Daniel J. Boorstin
|12th Librarian of Congress|
November 12, 1975 – September 14, 1987
|Preceded by||Lawrence Quincy Mumford|
|Succeeded by||James Billington|
Daniel Joseph Boorstin
October 1, 1914
Atlanta, Georgia, U.S.
|Died||February 28, 2004 (aged 89)|
Washington, D.C., U.S.
|Alma mater||Harvard University (AB)|
Balliol College, Oxford (BA, BCL)
Yale University (SJD)
|Awards||Pulitzer Prize for History (1974)|
Daniel Joseph Boorstin (October 1, 1914 – February 28, 2004) was an American historian at the University of Chicago who wrote on many topics in American and world history. He was appointed the twelfth Librarian of the United States Congress in 1975 and served until 1987. He was instrumental in the creation of the Center for the Book at the Library of Congress.
Repudiating his youthful membership in the Communist Party, Boorstin became a political conservative and a prominent exponent of consensus history. He argued in The Genius of American Politics (1953) that ideology, propaganda, and political theory are foreign to America. His writings were often seen, along with those of historians such as Richard Hofstadter, Louis Hartz and Clinton Rossiter, as belonging to the "consensus school", which emphasized the unity of the American people and downplayed class and social conflict. Boorstin especially praised inventors and entrepreneurs as central to the American success story.
Boorstin was born in 1914, in Atlanta, Georgia, into a Jewish family. His father, Samuel, was a lawyer who participated in the defense of Leo Frank, a Jewish factory superintendent who was accused and convicted of the rape and murder of a 13-year-old girl. After Frank's 1915 lynching led to a surge of anti-Semitic sentiment in Georgia, the family moved to Tulsa, Oklahoma, where Boorstin was raised. He graduated from Tulsa's Central High School in 1930, at the age of 15.
Although Samuel wanted his son to go to the University of Oklahoma, become an attorney and join his own law firm, Daniel wanted to go to Harvard Law School. He graduated with highest honors (summa cum laude) from Harvard in 1934, then studied at Balliol College, Oxford, as a Rhodes Scholar, receiving BA and BCL degrees.[a] The American National Biography Online states that he joined the Communist Party in 1938 then left it in 1939, when Russia and Germany invaded Poland. In 1940, he earned an SJD degree at Yale University.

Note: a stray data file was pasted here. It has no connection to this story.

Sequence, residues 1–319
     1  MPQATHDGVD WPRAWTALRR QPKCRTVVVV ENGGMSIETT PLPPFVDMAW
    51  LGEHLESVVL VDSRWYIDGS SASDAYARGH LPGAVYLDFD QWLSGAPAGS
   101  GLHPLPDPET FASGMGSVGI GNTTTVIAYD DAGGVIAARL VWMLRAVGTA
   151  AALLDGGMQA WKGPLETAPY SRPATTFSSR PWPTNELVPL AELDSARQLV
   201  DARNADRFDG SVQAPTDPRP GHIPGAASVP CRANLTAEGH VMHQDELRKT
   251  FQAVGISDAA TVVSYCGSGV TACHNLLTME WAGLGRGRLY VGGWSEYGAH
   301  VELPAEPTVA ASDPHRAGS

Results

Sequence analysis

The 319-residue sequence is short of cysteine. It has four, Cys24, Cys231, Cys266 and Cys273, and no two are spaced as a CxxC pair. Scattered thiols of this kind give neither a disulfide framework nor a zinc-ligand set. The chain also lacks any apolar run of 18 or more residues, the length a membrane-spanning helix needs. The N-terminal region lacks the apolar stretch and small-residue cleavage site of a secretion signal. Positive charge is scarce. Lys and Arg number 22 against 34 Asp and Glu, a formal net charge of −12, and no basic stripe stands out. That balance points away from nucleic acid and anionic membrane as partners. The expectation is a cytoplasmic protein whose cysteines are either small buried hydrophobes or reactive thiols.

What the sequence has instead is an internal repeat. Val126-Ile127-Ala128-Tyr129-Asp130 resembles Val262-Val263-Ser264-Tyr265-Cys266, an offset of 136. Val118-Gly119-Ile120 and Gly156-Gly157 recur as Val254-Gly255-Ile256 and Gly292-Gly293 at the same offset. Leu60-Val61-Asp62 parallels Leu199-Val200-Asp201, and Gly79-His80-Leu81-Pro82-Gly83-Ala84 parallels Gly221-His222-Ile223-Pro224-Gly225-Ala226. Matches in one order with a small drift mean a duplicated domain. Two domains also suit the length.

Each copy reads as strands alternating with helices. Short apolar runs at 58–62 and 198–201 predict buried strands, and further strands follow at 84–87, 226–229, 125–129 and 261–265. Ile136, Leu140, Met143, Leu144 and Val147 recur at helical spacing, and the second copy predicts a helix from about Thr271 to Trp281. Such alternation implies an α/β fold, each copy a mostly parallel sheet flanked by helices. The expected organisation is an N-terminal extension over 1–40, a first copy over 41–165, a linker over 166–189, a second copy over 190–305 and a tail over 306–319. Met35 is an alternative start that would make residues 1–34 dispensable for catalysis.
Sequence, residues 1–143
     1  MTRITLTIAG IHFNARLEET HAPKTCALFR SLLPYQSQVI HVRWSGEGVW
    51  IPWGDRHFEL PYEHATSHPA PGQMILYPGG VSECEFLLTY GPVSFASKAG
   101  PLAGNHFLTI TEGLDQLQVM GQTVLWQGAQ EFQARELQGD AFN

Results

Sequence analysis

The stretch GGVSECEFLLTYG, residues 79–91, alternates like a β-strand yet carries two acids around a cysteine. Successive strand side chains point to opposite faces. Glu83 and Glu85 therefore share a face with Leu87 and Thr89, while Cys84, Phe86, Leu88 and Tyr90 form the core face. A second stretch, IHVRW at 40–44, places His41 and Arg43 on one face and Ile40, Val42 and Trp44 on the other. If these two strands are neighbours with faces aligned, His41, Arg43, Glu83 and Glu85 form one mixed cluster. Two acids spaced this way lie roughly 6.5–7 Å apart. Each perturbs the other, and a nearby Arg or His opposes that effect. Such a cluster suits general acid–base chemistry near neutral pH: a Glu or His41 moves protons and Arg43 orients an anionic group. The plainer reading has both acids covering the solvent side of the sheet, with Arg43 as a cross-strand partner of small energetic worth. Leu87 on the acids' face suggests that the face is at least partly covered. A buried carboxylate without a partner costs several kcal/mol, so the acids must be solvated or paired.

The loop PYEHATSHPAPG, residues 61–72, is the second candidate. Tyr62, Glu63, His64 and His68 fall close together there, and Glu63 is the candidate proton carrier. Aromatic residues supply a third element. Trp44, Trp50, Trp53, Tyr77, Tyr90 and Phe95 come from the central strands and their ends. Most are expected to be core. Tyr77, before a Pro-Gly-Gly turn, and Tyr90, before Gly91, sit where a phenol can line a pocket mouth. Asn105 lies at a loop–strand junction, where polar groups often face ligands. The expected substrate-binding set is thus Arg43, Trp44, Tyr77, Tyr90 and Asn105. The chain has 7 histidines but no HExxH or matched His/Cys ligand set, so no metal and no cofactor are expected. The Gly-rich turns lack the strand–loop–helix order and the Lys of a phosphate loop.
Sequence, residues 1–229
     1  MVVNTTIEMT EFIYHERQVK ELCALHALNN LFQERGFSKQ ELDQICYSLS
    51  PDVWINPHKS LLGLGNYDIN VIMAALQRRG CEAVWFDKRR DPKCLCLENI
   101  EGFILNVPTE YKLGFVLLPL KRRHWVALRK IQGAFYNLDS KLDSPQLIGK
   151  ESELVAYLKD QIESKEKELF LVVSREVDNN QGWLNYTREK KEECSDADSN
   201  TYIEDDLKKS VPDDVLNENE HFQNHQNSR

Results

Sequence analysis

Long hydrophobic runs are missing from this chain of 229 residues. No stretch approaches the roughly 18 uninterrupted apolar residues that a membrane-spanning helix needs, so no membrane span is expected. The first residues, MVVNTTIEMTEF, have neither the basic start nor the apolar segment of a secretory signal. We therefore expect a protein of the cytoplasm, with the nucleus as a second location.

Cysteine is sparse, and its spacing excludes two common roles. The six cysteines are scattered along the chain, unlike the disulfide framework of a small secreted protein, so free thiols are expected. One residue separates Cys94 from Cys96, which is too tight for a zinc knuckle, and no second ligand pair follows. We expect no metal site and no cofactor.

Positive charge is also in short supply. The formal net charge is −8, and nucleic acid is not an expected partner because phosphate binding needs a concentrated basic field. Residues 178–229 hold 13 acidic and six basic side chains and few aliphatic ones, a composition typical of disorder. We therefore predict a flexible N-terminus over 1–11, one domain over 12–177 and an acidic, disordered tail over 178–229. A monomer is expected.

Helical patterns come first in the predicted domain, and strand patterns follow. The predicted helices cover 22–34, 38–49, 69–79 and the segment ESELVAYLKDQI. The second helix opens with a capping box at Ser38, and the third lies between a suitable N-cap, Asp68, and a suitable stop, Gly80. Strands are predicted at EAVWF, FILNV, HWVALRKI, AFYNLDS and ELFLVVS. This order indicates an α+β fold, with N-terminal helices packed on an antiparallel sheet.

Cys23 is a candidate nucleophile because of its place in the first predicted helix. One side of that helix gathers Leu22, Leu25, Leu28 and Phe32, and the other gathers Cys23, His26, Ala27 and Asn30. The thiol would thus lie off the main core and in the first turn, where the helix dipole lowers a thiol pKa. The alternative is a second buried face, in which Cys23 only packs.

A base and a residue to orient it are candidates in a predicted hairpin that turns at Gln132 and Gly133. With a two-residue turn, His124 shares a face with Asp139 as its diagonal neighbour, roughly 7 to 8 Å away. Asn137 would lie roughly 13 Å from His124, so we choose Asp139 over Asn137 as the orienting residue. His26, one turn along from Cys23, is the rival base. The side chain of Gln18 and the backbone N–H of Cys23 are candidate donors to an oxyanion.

Boorstin moved away from his earlier leftist views. In 1953, after being subpoenaed by the House Un-American Activities Committee, Boorstin became a cooperating witness and gave the committee the names of other Party members in his cell. His lectures were later boycotted by some students due to his testimony to the HUAC.
Boorstin was hired as an assistant professor at Swarthmore College in 1942, where he stayed for two years. In 1944, he was hired by the University of Chicago, where he was a professor until 1969. He was the Pitt Professor of American History and Institutions at the University of Cambridge in 1964. He served as director and senior historian of the National Museum of History and Technology of the Smithsonian Institution (now known as the National Museum of American History, Behring Center) from 1973 to 1975. During this period, Boorstin became an active participant in the Republican Party, rubbing shoulders with high-profile politicians such as Spiro Agnew and Henry Kissinger, and speaking at the party's national platform committee at its annual convention in 1972. President Gerald Ford nominated Boorstin to be Librarian of Congress, in 1975. On April 9, 1941, he married a Wellesley College graduate, Ruth Carolyn Frankel (1917–2013). She quickly became his partner and editor for his first book, The Mysterious Science of the Law, published in the same year. In his “Author’s Note” for The Daniel J. Boorstin Reader (Modern Library, 1995), he wrote, “Essential to my life and work as a writer was my marriage in 1941 to Ruth Frankel who has ever since been my companion and editor for all my books.” Her obituary in The Washington Post (December 6, 2013) quotes Boorstin as saying, “Without her, I think my works would have been twice as long and half as readable.”
Boorstin, with Ruth as his regular collaborator, wrote more than 20 books, including two major trilogies, one on the American experience and the other on world intellectual history. The first trilogy was entitled The Americans with three volumes: on the "colonial experience," on the "national experience," and on the "democratic experience." The books were largely celebratory of cultural, social and technological developments in American history, and featured striking story-telling about figures such as Frederic Turner, the so-called "Ice King" of the early nineteenth century. They exemplified Boorstin's attempts to write for a general audience rather than his academic peers.The Americans: The Democratic Experience, the final book in the trilogy, received the 1974 Pulitzer Prize in history. Boorstin's second trilogy, The Discoverers, The Creators and The Seekers, examines the scientific, artistic and philosophic histories of humanity, respectively.